Energy metabolism and mitochondrial function hold a core position in cellular homeostasis.
Oxidative metabolism is regulated at multiple levels, ranging from gene transcription to allosteric modulation.
To accomplish the fine tuning of these multiple regulatory circuits, the nuclear and mitochondrial
compartments are tightly and reciprocally controlled. The fact that nuclear encoded factors, PPARγ coactivator
1α and mitochondrial transcription factor A, play pivotal roles in the regulation of oxidative metabolism
and mitochondrial biogenesis is paradigmatic of this crosstalk. Here we provide an updated survey
of the genetic and epigenetic mechanisms involved in the control of energy metabolism and mitochondrial function.
Chromatin dynamics highly depends on post-translational modifications occurring at specific amino acids in histone proteins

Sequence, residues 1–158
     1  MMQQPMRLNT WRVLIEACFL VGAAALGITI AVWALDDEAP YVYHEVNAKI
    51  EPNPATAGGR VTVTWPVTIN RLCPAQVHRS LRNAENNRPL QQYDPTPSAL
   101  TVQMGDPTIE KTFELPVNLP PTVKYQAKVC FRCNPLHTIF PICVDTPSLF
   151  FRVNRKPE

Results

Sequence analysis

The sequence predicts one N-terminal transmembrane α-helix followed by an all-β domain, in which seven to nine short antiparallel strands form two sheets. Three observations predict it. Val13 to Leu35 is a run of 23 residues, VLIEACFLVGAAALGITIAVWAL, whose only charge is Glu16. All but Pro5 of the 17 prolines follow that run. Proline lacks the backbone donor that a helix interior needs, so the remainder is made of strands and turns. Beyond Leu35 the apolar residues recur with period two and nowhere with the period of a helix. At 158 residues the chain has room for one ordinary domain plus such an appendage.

and other factors associated to nuclear DNA. In addition to the well characterized enzymes responsible for histone
methylation/demethylation and acetylation/deacetylation, other factors have gone on the “metabolic stage”. This is the
case of the new class of α-ketoglutarate-regulated demethylases (Jumonji C domain containing demethylases) and of the
NAD+-dependent deacetylases, also known as sirtuins. Moreover, unexpected features of the machineries involved in mitochondrial
DNA (mtDNA) replication and transcription, mitochondrial RNA processing and maturation have recently
emerged. Mutations or defects of any component of these machineries profoundly affect mitochondrial activity and oxidative
metabolism. Finally, recent evidences support the importance of mtDNA packaging in replication and transcription.
These observations, along with the discovery that non-classical CpG islands present in mtDNA undergo methylation, indicate
that epigenetics also plays a role in the regulation of the mitochondrial genome function.